Aliases for ATP5F1E Gene
External Ids for ATP5F1E Gene
Previous HGNC Symbols for ATP5F1E Gene
This gene encodes a subunit of mitochondrial ATP synthase. Mitochondrial ATP synthase catalyzes ATP synthesis, utilizing an electrochemical gradient of protons across the inner membrane during oxidative phosphorylation. ATP synthase is composed of two linked multi-subunit complexes: the soluble catalytic core, F1, and the membrane-spanning component, Fo, comprising the proton channel. The catalytic portion of mitochondrial ATP synthase consists of 5 different subunits (alpha, beta, gamma, delta, and epsilon) assembled with a stoichiometry of 3 alpha, 3 beta, and a single representative of the other 3. The proton channel consists of three main subunits (a, b, c). This gene encodes the epsilon subunit of the catalytic core. Two pseudogenes of this gene are located on chromosomes 4 and 13. Read-through transcripts that include exons from this gene are expressed from the upstream gene SLMO2.[provided by RefSeq, Mar 2011]
GeneCards Summary for ATP5F1E Gene
ATP5F1E (ATP Synthase F1 Subunit Epsilon) is a Protein Coding gene. Diseases associated with ATP5F1E include Mitochondrial Complex V Deficiency, Nuclear Type 3 and Isolated Atp Synthase Deficiency. Among its related pathways are Respiratory electron transport, ATP synthesis by chemiosmotic coupling, and heat production by uncoupling proteins. and Metabolism. An important paralog of this gene is ATP5F1EP2.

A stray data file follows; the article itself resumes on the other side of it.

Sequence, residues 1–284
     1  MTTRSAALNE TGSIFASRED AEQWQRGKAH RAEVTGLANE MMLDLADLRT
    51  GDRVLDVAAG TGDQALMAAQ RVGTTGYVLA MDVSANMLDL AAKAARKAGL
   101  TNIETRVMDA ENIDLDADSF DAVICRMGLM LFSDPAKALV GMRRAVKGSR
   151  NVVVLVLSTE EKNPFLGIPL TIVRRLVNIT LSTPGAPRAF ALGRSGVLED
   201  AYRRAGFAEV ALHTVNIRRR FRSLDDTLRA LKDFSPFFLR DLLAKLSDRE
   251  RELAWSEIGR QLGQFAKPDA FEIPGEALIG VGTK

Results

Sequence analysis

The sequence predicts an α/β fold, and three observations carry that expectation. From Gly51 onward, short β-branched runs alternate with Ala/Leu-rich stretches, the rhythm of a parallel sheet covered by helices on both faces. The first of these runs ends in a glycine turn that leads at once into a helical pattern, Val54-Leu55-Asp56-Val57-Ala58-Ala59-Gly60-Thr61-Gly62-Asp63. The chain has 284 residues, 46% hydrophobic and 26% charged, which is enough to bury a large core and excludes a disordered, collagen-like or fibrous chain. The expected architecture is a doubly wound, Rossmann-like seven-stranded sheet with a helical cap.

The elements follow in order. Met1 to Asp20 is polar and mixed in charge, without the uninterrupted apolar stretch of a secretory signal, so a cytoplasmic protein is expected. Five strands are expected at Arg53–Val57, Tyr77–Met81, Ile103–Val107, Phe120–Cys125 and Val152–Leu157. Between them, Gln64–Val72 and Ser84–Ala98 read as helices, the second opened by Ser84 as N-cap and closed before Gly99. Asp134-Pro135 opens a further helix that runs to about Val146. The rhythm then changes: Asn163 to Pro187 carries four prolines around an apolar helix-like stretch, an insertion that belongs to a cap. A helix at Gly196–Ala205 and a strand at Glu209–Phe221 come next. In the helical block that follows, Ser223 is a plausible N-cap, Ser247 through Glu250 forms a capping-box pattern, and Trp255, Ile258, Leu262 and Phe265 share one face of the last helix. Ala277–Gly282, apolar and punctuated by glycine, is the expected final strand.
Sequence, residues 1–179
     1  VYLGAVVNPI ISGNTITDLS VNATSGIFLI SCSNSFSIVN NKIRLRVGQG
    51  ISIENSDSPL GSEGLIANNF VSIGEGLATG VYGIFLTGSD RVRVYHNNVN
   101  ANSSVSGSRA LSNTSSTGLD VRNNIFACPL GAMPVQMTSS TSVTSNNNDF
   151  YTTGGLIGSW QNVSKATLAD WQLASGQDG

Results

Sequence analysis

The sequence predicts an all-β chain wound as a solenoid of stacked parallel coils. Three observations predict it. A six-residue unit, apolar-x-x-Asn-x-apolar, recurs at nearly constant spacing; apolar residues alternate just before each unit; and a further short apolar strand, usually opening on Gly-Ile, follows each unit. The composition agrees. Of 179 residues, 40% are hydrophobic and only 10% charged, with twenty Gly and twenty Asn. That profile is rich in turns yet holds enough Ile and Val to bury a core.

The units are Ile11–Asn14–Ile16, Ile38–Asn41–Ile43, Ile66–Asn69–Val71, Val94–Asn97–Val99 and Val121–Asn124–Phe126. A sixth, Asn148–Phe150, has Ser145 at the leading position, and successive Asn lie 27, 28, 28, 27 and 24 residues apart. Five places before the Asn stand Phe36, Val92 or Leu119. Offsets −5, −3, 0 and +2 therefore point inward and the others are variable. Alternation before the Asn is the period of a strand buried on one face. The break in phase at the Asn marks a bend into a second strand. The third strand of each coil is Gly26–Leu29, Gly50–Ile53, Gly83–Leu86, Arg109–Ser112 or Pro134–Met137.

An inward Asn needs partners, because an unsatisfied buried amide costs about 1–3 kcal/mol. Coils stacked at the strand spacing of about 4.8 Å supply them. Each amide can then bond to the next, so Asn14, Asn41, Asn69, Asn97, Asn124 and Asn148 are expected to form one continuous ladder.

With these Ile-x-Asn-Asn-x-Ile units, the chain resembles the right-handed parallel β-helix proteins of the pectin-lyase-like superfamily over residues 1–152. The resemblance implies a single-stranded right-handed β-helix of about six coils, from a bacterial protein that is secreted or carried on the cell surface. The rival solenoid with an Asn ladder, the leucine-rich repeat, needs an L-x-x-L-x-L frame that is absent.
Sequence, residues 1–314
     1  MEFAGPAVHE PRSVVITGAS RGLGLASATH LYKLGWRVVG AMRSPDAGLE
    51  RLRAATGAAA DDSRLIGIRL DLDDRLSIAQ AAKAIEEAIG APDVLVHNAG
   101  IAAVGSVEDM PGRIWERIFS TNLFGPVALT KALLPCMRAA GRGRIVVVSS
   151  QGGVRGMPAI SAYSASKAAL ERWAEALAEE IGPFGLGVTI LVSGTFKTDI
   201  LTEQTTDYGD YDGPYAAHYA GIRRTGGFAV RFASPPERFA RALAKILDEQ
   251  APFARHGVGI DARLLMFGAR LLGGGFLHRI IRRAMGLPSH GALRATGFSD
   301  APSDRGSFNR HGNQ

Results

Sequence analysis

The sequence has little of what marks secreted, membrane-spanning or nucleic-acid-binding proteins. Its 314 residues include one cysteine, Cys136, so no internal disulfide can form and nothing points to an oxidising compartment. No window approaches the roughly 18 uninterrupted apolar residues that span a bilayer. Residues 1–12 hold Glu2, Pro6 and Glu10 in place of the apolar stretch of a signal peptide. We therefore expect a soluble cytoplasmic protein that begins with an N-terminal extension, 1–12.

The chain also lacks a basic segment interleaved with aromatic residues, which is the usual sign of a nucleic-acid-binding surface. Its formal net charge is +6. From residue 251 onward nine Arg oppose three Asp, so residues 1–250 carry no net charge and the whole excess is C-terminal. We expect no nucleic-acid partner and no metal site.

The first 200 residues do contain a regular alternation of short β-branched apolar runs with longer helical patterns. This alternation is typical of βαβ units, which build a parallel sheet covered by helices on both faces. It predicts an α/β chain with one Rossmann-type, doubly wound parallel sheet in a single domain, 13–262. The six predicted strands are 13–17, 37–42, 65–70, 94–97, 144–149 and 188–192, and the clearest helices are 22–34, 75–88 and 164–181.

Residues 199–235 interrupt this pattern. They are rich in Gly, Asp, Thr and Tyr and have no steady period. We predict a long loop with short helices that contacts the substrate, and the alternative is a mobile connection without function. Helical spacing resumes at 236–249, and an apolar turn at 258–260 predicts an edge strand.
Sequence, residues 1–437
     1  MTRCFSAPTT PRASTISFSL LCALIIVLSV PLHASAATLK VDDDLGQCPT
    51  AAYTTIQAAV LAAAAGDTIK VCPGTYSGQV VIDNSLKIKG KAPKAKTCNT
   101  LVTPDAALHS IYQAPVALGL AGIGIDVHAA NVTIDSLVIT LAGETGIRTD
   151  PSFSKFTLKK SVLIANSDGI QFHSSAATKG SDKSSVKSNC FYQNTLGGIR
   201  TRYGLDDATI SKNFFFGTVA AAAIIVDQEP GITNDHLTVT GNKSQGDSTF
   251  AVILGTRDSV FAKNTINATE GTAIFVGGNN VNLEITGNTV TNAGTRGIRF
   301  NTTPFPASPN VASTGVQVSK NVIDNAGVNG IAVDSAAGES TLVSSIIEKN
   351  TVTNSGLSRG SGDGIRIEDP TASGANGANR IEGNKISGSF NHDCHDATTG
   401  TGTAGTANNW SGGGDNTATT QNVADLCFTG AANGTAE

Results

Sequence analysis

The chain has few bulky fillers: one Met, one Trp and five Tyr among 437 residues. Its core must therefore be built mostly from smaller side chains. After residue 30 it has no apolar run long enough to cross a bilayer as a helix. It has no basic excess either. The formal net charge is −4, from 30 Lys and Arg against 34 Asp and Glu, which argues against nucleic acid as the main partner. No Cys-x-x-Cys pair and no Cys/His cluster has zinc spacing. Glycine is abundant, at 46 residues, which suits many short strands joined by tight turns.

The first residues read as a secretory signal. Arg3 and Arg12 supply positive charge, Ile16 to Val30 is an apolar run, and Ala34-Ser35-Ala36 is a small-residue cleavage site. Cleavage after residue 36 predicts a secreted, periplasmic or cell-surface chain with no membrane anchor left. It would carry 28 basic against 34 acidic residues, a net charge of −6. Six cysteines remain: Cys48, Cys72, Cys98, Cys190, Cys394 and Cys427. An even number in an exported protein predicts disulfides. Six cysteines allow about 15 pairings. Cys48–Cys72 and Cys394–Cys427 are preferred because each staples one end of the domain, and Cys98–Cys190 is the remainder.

UniProtKB/Swiss-Prot for ATP5F1E Gene
Mitochondrial membrane ATP synthase (F(1)F(0) ATP synthase or Complex V) produces ATP from ADP in the presence of a proton gradient across the membrane which is generated by electron transport complexes of the respiratory chain. F-type ATPases consist of two structural domains, F(1) - containing the extramembraneous catalytic core, and F(0) - containing the membrane proton channel, linked together by a central stalk and a peripheral stalk. During catalysis, ATP synthesis in the catalytic domain of F(1) is coupled via a rotary mechanism of the central stalk subunits to proton translocation. Part of the complex F(1) domain and of the central stalk which is part of the complex rotary element. Rotation of the central stalk against the surrounding alpha(3)beta(3) subunits leads to hydrolysis of ATP in three separate catalytic sites on the beta subunits (By similarity).